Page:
Interrogation (2016)

Every now and again, you need a movie to remind you to go and do other things with your life for a bit. Summer is pretty nice at the moment, there’s dogs need walking, I’ve not seen some friends in a while. Basically, anything other than this, which might well be the worst movie (non-Leprechaun division) that WWE have had anything to do with.

Okay, you’ll definitely think that until about 10 minutes from the end, when one of the all-time craziest twists happens. “Interrogation” is a twist delivery system, and if you’re a fan of that particular device, then I guess you might get something out of this. Maybe. I genuinely can’t tell if it’s something the writer thought of first, and had them work back from, or if they’d shot 90% of the movie and their original ending was such a complete waste of time that they had to reshoot.

Starring today is Adam “Edge” Copeland, former WWE champion and one of my favourite wrestlers of his era. A spinal injury forced him into retirement in 2011, but he’s made occasional non-wrestling appearances since then and is still friendly with the company, hence movie appearances like this. He’s Lucas Nolan, with a freakish eidetic memory, the greatest negotiator in the history of the FBI – we find this out, not only from his initial voiceover, but from his work colleagues, who give us the “ultimate badass” speech. You know the one! Usually reserved for an action movie where a group of soldiers will say about the star “ex special forces, kicked out for being too awesome, can kill a man by looking at him harshly” and so on. He stops a shooter by the astonishing tactic of being able to count (seriously, the opening segment is dumb as hell) but then is called in for the toughest job of his career.

An olive-skinned fellow with no name but a heavy Middle Eastern accent walks into an office building and says “a bomb’s about to go off”, then a bomb goes off across the street. He’s arrested, and Nolan is brought in to question him, to find out what he knows about other terror attacks planned for the city.

It’s a sort of cross between TV shows “The Blacklist” and “Homeland”, with a sprinkling of the movie “Seven”. We learn more about Nolan’s character, whose Dad was arrested trying to steal money for food for his family. Nolan was homeless as a teenager, but pulled himself up by his bootstraps and became a great agent…and as they ping-pong across the city, letting the still-unnamed terrorist escape pretty much at will, we learn a little more about him too.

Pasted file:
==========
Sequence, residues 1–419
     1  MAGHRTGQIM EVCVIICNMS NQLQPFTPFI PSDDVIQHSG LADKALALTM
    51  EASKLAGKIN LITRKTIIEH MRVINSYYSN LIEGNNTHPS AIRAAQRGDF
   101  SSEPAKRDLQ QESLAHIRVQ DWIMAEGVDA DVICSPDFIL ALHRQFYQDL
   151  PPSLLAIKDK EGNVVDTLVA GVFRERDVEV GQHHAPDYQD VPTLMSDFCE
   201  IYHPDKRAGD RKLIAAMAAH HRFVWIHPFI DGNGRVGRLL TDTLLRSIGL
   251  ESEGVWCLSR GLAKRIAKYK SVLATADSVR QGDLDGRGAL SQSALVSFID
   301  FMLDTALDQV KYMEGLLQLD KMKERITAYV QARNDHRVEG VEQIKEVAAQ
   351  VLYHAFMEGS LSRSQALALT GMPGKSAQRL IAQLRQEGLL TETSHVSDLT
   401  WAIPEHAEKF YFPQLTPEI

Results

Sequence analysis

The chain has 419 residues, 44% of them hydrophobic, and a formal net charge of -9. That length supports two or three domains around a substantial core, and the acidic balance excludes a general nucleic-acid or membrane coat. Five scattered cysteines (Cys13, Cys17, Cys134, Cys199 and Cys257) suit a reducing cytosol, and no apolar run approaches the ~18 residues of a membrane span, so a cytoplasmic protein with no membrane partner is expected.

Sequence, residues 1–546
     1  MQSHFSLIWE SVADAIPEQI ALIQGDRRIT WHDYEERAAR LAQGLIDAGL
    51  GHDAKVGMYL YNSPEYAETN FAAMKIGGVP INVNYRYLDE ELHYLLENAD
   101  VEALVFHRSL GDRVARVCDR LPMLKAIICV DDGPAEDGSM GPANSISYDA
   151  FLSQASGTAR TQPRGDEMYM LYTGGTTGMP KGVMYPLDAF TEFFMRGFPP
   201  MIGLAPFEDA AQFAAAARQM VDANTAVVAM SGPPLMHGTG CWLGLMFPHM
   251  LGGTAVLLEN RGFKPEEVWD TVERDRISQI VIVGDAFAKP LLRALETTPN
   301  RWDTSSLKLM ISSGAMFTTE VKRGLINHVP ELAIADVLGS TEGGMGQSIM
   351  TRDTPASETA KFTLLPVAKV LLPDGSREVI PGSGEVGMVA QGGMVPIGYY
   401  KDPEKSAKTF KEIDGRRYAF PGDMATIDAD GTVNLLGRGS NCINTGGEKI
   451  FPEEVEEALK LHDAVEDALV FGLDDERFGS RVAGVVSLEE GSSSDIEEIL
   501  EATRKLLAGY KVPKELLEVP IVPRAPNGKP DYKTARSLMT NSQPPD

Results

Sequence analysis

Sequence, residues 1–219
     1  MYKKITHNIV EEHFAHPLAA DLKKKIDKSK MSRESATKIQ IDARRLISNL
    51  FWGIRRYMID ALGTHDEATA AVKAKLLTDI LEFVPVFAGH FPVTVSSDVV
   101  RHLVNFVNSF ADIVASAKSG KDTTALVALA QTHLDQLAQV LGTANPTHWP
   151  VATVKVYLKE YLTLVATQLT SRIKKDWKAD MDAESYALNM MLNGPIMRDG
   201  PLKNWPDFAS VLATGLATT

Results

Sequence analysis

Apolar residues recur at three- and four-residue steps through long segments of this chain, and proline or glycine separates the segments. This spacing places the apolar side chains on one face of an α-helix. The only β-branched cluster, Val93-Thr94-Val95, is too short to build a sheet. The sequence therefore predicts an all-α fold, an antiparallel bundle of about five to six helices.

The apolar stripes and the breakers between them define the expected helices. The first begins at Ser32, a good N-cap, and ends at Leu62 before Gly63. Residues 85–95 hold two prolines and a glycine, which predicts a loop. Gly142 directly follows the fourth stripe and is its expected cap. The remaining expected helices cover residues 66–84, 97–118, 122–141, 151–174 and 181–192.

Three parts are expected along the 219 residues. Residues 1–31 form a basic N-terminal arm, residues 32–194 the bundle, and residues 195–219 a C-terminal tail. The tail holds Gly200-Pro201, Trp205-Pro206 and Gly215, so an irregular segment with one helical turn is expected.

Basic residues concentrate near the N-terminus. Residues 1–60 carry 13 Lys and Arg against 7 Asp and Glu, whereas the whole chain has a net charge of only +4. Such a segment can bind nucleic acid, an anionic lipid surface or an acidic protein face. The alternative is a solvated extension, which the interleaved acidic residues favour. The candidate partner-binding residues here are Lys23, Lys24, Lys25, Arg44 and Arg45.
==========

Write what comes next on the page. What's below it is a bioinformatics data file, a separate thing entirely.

It’s really silly, and boring, and all the characters act in stupid ways, and it’s not like the twist resolves all these problems either – think back on how two certain characters interact when there’s no-one around to see them, for one. It would have been nice if any of the other characters suspected something was going on, even for a second, but no. Copeland is a fine actor, as is everyone else (including a smaller role for fellow WWE star CJ “Lana” Perry), with special kudos going to “villain” Patrick Sabongui. Direction by Stephen Reynolds, whose work we enjoyed in the third “12 Rounds” movie, is decent too, if a little heavy on the handheld stuff.

So I guess most of the “huh?” must land on the two credited writers. It’s an unusual credit, “written by Michael Finch, based on an original screenplay by Adam Rodin”. Finch is one of WWE’s writers, having also written “Countdown”, but Rodin is a co-producer on Halle Berry’s TV show “Extant” and not much else. I presume there’s an interesting legal story behind the credit being the way it is, and which perhaps explains how bonkers that final section of movie is.

It’s very difficult to write about without giving it away, and I’m not a good enough writer. I don’t think it’s worth your time, to be honest, and I don’t think I’ll be doing any more WWE movies for a while. This one was a slog.

Rating: thumbs down


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